The Truths We Tell Ourselves: Foucault on <i>Parrhesia</i>
AbstractMichel Foucault’s later concept of parrhesia presents a number of potential interpretive problems with respect to his work as a whole and his conception of truth. This article presents an alternative reading of parrhesia, which develops its concept through Foucault’s earlier pronouncements on truth and fiction. Seen this way, parrhesia becomes a means whereby one enacts useful fictions within the context of one’s life. As a practice, which demands self-mastery, orientation towards truth, and a command of one’s life, parrhesia becomes crucial to an aesthetics of existence.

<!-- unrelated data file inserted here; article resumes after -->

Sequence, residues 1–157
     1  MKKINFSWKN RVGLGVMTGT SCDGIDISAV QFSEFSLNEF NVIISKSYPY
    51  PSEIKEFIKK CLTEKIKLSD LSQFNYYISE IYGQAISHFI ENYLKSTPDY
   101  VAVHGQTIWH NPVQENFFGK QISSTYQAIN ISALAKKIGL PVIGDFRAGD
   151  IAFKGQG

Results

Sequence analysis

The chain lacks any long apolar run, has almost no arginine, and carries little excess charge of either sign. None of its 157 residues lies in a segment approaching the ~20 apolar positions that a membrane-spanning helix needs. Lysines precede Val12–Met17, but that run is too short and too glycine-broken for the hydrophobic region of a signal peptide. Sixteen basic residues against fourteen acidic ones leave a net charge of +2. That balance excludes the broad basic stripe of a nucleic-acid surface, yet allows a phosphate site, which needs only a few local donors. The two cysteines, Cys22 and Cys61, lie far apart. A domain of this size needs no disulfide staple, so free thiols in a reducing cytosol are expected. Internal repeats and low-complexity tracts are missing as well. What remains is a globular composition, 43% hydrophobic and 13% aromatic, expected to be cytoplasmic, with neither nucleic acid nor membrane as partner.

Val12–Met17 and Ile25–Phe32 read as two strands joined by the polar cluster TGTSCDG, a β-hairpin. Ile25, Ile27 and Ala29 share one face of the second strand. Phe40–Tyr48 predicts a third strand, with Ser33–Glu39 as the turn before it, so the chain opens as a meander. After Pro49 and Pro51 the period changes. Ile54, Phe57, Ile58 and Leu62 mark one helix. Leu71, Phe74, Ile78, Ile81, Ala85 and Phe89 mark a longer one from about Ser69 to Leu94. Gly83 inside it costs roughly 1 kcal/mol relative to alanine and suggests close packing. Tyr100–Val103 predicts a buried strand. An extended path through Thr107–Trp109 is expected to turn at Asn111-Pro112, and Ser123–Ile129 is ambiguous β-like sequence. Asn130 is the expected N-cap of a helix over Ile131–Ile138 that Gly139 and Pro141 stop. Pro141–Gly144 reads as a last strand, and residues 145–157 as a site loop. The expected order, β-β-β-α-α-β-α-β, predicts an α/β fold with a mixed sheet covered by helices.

Copyright (c) 2012 Zacharia Simpson
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